- President says attacks on cops undercut ‘legitimate’ concerns
- Demonstrators take to the streets to decry black deaths
President Barack Obama said protests against police violence in many cities over the weekend are “legitimate,” yet cautioned that attacks on law enforcement officers undermine public support for the Black Lives Matter movement.
“Any violence directed at police officers is a reprehensible crime,” Obama told reporters on Sunday in Madrid in a joint press availability with Spain’s acting Prime Minister Mariano Rajoy. The White House announced that Obama will travel to Dallas on July 12 to speak at an interfaith memorial service for five police officers who were shot to death during a protest there Thursday.
Demonstrators in several U.S. cities have taken to the streets to protest recent deaths of black men at the hands of police. Thursday’s peaceful protest in Dallas erupted into gunfire, when a black man, 25-year-old Army veteran Micah Johnson, shot 12 police officers, killing five, in what he termed payback for earlier police actions.
Protests continued over the weekend, and police arrested several hundred demonstrators Saturday evening in Baton Rouge, Louisiana, St. Paul, Minnesota, and Chicago. The St. Paul Police Department said via Twitter on Saturday that protesters had thrown bricks and stones toward officers there.
‘People Throwing Rocks’
Demonstrators blocked highways, marched down streets and chanted slogans decrying “racist cops” in several cities. In open-carry states like Louisiana, some protesters marched with guns displayed. Police, wearing body armor and riot shields in some cases, arrested several protesters, and in some cities used smoke and rubber bullets to disperse some of the protests.
“At least five SPPD officers were injured by people throwing rocks, bottles, fireworks and bricks,” the St. Paul Police Department said in a Twitter post early Sunday morning.“None seriously.”
Obama said protests were part of the longstanding tradition of free speech and the ability to demonstrate in the U.S. He spoke a day after saying, at a press conference in Poland, that the nation was not returning to the “enormous polarization” of the 1960s.
Other social issues, including women’s suffrage, the abortion-rights debate and the civil rights movement, have had moments of incivility, the president said.
“In a movement like Black Lives Matter, there’s always going to be some folks who say things that are stupid or imprudent or are harsh,” Obama said. “I don’t think that we can hold well-meaning activists who are doing the right thing, peacefully protesting, responsible for everything that is uttered at a protest.”
Yet he derided those who, in raising the issue of fairness in the criminal justice system, attack police officers verbally, or worse. “You’re doing a disservice to the cause” with heated rhetoric, Obama said.
“Maintaining a truthful and serious and respectful tone is going to help mobilize American society to bring about real change -- and that is our ultimate objective,” said Obama, the nation’s first black president.
‘Hurt and Angry’
“This week people felt hurt and angry. And so some of this was just venting, but I think that the overwhelming majority of people who are involved in the Black Lives Matter movement, what they really want to see is a better relationship between police and the community,” he said.
If police acknowledge there is a problem in their communities, “that too is going to contribute to real solutions,” Obama said, and ultimately make the job of being a police officer safer. He also praised actions taken in the past by the Dallas police force to de-escalate racial tension.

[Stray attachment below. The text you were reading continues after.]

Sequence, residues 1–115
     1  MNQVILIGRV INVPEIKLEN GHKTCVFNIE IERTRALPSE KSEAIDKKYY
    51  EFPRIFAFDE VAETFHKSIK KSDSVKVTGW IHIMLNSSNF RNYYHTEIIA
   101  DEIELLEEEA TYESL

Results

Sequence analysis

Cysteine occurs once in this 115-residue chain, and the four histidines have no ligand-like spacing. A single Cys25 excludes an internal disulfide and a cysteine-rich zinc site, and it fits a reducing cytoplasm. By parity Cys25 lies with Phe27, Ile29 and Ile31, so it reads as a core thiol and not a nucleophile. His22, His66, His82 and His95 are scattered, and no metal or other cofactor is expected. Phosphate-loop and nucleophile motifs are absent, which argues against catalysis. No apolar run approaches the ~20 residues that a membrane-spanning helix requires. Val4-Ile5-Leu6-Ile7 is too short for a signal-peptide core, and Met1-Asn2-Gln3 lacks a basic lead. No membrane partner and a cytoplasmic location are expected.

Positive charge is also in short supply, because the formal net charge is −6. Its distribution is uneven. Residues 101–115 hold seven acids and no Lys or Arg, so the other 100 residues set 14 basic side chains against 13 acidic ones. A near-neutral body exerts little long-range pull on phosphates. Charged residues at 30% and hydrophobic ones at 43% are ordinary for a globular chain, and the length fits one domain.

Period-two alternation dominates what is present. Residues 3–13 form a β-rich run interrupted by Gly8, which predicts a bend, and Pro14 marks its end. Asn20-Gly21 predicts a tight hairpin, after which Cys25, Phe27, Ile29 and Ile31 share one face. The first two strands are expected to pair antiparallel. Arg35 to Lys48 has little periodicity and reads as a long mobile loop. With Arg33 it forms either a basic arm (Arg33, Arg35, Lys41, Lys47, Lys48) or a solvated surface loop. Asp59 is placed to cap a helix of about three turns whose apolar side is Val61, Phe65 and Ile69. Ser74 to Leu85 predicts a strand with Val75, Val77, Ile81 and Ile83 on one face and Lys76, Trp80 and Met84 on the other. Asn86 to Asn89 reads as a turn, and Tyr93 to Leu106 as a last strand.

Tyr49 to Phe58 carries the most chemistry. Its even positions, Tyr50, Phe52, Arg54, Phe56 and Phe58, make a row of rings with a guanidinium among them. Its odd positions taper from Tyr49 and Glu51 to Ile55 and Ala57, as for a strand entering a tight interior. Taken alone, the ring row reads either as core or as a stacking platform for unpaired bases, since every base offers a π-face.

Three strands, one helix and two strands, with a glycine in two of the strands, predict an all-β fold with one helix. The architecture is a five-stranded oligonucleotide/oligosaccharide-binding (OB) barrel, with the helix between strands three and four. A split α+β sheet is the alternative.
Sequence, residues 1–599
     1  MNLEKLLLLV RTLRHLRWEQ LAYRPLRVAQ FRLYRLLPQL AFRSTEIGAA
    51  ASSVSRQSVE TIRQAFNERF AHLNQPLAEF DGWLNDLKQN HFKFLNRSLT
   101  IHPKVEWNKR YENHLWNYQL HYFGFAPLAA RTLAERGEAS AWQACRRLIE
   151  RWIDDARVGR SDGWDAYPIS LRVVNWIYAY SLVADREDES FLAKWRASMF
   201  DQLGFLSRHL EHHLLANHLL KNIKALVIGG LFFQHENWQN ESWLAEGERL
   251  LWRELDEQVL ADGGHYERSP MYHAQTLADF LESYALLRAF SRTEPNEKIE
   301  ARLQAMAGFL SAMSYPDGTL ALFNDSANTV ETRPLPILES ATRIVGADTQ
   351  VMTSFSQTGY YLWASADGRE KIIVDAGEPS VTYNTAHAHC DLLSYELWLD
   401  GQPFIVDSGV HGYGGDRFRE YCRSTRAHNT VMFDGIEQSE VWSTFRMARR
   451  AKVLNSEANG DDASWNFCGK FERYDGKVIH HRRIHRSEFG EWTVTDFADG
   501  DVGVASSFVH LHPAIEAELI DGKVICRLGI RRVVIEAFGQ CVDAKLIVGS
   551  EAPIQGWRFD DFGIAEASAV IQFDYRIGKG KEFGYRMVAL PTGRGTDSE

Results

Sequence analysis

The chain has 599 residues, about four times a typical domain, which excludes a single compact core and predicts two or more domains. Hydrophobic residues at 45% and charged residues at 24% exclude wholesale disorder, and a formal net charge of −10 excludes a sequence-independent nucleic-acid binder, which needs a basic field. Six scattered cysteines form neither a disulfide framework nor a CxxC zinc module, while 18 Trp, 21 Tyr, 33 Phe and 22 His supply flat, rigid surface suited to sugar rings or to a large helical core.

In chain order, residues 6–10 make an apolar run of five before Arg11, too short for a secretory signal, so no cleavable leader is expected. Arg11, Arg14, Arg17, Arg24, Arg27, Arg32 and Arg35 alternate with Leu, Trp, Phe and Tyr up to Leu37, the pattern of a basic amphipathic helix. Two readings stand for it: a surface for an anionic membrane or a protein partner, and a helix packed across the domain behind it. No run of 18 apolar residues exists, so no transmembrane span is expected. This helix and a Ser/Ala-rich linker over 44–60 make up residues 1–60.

“Just as my hope would be that everybody who is involved in the Black Lives Matter movement or other civil rights organizations or who are protesting, just as I want all of them to maintain a respectful, thoughtful tone ... I would hope that police organizations are also respectful of the frustrations people in these communities feel, and not just dismiss these protests and complaints,” Obama said.
Homeland Security Secretary Jeh Johnson also appealed for calm in several appearances on Sunday political talk shows. “It’s time that we dial back the overheated rhetoric and we come together,” Johnson said on NBC’s “Meet the Press.”
Donald Trump, the presumptive Republican presidential nominee, criticized Obama’s leadership in a Twitter posting before the president spoke: “Look what is happening to our country under the WEAK leadership of Obama and people like Crooked Hillary Clinton. We are a divided nation!”
The head of a lobbying group that represents U.S. police unions and associations on Friday said Obama’s administration helped create the climate that led to the Dallas shootings by being too slow to condemn anti-police sentiments.
“It’s a war on cops,” said William Johnson, the head of the National Association of Police Organizations, during an interview on Fox News. “And the Obama administration is the Neville Chamberlain of this war.” Chamberlain, who was Britain’s prime minister from 1937 to 1940, advocated a policy of appeasement in response to Nazi Germany’s aggression before World War II. The NAPO says on its website that it represents “more than 1,000 police units and associations” across the U.S.
Jeh Johnson, the homeland security chief, said administration officials “absolutely reject any such notion” that they have contributed to an anti-police climate.
“We’re working closely with state and local law enforcement every single day,” he said during an interview on CNN. Johnson cited federal grants and training that “support the efforts of the local police in terms of surveillance, communications, first-responder equipment, equipment to protect their own safety, their own lives.”